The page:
I was a very confused child. I never understood what was going on around me, and no one ever seemed to take the time to explain. For example, in primary school my class put on a play. Atleast, I think it was my class – it may have been a combination of classes. I was given the task of opening and closing the curtains. The problem was, I had no idea what was going on. The first day of rehearsal when I was asked to operate the curtains was fine. However, I did not know that we were putting on a show until the day we did it several weeks later. Each rehearsal, I had to be told to operate the curtains, and the teacher and students would be mad at me for not being in position and ready to go – how was I supposed to know that it was an ongoing job, and not a one day thing? I didn’t even know we were rehearsing for a production, or I would have understood. I needed someone to tell me, “Our class is going to perform this play. We will be rehearsing it several times over the next few weeks. Your job will be to open and close the curtains.” No one told me. I really don’t have fond memories of growing up, and I think a major reason for that is the constant confusion and stress I was under. I was often disciplined for being disobedient, when I was just confused. I never knew what I was in trouble for doing, or not doing.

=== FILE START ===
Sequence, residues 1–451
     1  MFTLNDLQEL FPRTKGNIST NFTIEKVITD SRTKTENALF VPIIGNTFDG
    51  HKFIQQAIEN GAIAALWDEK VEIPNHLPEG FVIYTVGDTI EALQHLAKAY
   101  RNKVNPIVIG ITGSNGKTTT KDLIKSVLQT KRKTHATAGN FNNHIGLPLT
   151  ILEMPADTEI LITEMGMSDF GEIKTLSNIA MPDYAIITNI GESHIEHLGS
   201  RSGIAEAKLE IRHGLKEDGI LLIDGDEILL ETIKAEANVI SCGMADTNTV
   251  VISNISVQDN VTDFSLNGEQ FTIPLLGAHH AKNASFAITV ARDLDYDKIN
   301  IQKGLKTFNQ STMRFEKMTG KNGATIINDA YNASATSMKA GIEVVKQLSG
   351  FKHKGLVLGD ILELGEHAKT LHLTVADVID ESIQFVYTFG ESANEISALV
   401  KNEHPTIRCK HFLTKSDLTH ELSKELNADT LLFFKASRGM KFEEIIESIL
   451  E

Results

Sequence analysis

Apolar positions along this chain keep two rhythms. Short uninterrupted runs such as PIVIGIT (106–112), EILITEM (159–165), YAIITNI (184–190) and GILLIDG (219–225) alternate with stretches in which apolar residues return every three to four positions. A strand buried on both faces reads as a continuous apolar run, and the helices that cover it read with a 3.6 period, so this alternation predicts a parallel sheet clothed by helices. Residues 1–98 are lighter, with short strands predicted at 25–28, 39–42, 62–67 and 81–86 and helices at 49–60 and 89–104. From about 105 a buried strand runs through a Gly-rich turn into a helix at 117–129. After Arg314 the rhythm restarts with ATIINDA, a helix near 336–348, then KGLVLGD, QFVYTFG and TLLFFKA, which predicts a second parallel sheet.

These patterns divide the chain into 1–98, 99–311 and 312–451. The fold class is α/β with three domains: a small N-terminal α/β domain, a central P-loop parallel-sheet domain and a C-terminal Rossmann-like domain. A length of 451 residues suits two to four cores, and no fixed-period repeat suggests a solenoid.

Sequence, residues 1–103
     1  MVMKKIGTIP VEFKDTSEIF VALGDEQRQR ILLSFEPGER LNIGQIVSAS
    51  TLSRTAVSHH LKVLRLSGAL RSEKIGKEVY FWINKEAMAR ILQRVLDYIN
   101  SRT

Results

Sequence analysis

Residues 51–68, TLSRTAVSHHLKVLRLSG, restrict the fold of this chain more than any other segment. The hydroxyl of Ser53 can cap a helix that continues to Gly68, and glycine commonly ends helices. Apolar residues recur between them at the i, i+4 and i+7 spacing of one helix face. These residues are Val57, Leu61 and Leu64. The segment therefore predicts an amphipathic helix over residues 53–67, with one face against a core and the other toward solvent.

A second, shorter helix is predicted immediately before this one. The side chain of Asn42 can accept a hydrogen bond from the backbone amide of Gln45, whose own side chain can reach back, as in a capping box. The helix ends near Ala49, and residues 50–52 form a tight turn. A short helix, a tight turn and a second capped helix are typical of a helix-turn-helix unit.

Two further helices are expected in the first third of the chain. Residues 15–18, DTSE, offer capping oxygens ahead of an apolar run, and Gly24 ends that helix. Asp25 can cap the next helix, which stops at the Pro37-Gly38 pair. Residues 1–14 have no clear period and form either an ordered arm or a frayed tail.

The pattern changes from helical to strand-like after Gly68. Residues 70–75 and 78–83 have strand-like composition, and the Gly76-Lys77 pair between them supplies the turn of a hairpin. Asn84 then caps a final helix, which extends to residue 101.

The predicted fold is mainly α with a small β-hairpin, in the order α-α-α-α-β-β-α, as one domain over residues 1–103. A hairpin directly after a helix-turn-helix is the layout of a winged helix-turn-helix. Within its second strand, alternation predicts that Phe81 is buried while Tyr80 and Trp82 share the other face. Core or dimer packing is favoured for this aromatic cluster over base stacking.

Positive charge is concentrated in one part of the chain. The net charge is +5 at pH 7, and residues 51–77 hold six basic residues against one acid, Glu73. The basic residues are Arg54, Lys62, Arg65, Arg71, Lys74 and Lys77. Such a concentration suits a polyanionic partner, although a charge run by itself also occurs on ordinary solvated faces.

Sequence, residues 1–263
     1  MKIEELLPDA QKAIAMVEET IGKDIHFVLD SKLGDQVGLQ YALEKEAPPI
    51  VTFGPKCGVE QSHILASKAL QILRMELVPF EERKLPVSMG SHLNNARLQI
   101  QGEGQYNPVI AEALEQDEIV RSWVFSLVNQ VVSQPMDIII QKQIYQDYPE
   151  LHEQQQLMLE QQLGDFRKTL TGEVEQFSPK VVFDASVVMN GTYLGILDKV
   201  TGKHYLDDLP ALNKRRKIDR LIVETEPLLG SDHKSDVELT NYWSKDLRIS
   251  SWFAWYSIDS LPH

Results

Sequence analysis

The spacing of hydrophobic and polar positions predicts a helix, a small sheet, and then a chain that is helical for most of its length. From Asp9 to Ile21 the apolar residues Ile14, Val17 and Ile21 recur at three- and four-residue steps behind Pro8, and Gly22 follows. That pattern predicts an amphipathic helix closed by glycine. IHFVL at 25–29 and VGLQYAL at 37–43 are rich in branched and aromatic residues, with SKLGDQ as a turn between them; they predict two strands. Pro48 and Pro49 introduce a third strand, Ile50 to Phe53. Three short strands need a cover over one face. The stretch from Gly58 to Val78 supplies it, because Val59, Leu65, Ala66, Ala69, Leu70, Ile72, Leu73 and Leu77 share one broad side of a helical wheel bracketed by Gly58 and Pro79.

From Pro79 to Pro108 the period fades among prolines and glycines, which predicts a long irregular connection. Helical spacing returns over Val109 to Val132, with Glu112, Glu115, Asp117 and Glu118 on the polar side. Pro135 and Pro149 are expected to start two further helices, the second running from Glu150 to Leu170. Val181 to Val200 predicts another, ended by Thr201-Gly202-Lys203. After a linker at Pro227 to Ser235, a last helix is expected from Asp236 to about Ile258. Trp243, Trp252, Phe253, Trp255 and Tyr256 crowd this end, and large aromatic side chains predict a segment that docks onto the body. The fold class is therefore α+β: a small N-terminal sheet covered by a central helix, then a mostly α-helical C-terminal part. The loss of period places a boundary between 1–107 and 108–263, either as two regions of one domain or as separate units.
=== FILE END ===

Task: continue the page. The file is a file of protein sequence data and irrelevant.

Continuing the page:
As I got older and transitioned through the terrible challenges of puberty, I decided that everyone goes through life alone and confused; they just hid it better than I did. I felt weak for not being able to cope with what everyone else could. Why did the confusion cause me so much stress and anxiety when others didn’t seem to mind at all?
Now that I know about Asperger’s Syndrome I have learnt that other’s aren’t confused. It’s just me. They don’t deal with the anxiety of confusion better than I do; they not confused. I still feel confused, but atleast I don’t have to condemn myself for finding that difficult. The other day I was watching the tralier for a movie with a parallel universe the and I thought, “That’s what my life feels like. Moving around in a parallel universe where everyone knows the rules and expects me to as well, but I don’t. I don’t know them at all.” I try to accept the confusion now. In a way, I don’t feel as stressed or anxious because the confusion is just a part of every day life for me. New situations are still extremely difficult, but I can generally manage daily life. I try to pay attention to what is going on around me, and I think I am all righ at faking being clued in to a certain extent. Then again, maybe not. I am still fequently told that I’m weird or strange, and my family still gets annoyed with me for not “keeping up”. Most people close to me have come to accept my “quirkiness”, so perhaps I just think I’m fitting in better when the truth is that those around me are just more accepting than my teachers and schoolmates of childhood. I still have moments (and days and weeks) when living in this world is simply over-whelming and I just want to scream and bang my head, but overall, I get by.